I left the apartment at 12:41pm, and rode the subway all the way to Shot Tower. I was heading to the Baltimore Flag House & Star
Spangled Banner Museum on Pratt St (just beyond the Office Depot).
I arrived at the museum shortly after 1:15pm, and I noticed a group of kids running around the courtyard separating the house from
the visitors center. I walked around the perimeter to the “main entrance” and into the visitor’s center itself. When I asked about tickets, the larger woman behind the counter looked at me as if I was from another planet.
“Can’t you see all these kids here,” she said. “It’s a school group. We cannot allow ‘individuals’ to tour the museum when there’s a school
group here…But, I can allow you to see our orientation film, which I won’t charge you for, but it’s starting now.”
She pointed to a set of double doors behind me, and I found a seat in the back row of the half-filled theater. The film, which was
one of those standard issue museum films with faded colors, grainy picture quality and really bad acting. The narration was top-notch.
The film ended and a pretty young docent probably in her late teens entered and began asking the 6-8yr-olds in the front of the theater
what they thought about the film. I go to exit the theater when the woman from the ticket counter stopped me, and started asking me all sorts of questions.
“Who are you? Where do you come from? What are you doing here?”
Hey, I thought I was the reporter here.
Anyway, I told her I was from The Baltimore Guardian, and I was doing a story about the museum in advance of Monday’s holiday.
“Weekdays are reserved for school groups,” she said in a forced-calm voice (so as to not disturb the kids). “Saturday is for individual and family admissions.”
“I understand that, but Saturday is-“
“I work here, you don’t,” she said grabbing my arm forcefully. “I know what days people can come here, and what days they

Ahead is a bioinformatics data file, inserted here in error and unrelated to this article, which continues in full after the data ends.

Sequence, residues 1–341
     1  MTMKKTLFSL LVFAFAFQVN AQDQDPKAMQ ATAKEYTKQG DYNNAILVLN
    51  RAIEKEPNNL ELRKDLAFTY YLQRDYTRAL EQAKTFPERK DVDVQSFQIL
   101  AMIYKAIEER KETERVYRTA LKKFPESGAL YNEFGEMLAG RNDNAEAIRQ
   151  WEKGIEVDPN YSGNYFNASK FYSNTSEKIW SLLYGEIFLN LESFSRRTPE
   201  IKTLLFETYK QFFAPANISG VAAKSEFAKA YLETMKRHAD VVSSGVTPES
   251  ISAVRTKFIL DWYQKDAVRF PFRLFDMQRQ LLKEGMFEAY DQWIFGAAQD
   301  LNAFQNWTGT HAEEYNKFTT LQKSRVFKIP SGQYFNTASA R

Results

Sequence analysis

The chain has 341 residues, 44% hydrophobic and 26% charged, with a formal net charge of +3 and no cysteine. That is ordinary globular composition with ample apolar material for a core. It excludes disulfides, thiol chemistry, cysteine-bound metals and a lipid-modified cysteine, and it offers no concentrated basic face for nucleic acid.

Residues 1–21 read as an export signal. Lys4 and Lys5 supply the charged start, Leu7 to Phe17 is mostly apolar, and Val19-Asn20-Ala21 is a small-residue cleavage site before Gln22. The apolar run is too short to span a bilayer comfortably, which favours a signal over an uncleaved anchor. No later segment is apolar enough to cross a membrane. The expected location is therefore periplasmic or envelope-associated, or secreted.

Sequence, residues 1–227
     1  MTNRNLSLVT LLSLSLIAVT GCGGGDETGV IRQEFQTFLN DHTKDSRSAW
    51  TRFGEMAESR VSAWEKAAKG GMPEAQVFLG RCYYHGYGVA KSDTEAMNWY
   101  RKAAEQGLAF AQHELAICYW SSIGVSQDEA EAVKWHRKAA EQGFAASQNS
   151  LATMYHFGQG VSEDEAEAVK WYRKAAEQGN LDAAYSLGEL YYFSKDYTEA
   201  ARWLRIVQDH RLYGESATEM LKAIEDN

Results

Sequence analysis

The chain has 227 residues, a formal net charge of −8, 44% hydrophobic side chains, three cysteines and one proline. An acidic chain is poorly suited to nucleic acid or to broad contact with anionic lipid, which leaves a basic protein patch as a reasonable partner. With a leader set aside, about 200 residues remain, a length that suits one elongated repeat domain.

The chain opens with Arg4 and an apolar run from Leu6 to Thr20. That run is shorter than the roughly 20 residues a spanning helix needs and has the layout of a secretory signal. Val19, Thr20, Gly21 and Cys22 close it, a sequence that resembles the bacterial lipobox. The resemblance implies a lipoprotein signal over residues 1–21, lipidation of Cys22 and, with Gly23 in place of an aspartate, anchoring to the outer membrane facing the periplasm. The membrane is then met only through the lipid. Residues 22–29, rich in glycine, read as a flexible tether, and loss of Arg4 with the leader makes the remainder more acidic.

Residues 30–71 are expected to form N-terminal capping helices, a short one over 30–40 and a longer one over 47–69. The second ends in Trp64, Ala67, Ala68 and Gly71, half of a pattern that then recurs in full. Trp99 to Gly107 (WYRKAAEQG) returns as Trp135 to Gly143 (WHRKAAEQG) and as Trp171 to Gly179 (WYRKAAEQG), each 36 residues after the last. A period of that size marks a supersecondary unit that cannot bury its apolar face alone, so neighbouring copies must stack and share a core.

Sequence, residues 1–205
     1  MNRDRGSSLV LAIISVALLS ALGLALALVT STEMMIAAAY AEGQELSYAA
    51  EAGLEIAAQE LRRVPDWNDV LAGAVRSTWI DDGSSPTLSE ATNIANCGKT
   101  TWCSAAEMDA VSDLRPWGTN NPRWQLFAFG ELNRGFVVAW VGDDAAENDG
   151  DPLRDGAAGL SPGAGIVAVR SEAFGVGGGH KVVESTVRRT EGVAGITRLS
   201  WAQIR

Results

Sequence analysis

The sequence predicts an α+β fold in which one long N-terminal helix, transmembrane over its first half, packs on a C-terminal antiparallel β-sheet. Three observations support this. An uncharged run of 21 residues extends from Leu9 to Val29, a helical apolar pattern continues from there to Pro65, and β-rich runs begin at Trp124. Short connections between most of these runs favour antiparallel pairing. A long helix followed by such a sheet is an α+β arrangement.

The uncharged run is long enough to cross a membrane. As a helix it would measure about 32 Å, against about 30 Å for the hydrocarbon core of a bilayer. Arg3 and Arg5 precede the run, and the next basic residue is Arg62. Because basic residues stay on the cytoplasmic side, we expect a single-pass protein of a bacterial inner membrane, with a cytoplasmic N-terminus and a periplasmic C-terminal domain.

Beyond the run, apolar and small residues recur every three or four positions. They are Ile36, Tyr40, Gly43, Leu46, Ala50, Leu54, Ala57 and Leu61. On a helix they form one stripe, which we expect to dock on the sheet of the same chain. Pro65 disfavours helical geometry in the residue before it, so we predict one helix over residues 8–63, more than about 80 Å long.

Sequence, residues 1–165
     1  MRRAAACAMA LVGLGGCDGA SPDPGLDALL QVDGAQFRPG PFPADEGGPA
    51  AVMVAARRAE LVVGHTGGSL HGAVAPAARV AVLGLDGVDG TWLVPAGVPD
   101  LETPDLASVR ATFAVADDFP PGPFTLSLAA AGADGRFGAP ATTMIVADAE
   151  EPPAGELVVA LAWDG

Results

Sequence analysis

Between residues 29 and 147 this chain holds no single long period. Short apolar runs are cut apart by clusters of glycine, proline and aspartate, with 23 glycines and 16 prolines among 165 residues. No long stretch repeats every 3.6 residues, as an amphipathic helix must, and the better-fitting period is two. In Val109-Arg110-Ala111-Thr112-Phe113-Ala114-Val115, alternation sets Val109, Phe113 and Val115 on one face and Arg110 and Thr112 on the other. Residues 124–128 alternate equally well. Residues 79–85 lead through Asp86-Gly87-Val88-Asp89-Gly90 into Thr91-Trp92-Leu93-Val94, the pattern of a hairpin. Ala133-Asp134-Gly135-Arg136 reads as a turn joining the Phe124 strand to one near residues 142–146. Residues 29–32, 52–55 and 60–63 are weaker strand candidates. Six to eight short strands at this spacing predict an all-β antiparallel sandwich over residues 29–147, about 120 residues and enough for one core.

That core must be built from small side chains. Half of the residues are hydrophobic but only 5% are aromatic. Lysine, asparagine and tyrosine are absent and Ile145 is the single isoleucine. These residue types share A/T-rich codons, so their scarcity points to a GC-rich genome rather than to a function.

can’t – I’m the one that sells the tickets, and I cannot have you wandering around disrupting our tours.”
I thought she was going to drag me out of the building, but instead she let go of my arm and continued her lecture.
“My tour guides are far more important than you are, and they don’t like having unrelated people distracting them from their jobs.”
She goes on to say that as a city resident I am free to explore the museum anytime I want… as long as it’s not a weekday. But since
I was here, I could look around the gallery until the kids came out of the theater.
The entirely self-guided gallery tour started on the lower level of the glass fronted visitors center which has a series of wall
texts describing the destruction of DC and the Battle of Baltimore. They also have a variety of cases featuring your standard assortment of everyday items from sewing kits to soldiers’ weapons. The museum was also populated with a
series of mannequins dressed as American, British and Free Black soldiers of the period. Basically it’s, a miniaturized version of the Fort McHenry museum (without the boat ride).
The upper level was somewhat of a disappointment with only one small hallway with a four panel timeline of the both the flag and
the famous song it inspired. Inside the closed door at the top of the stairs was a long empty room that looked as if it was being prepped for something, but, for the moment, was only used as storage area with a collection of items shoved into the far corner.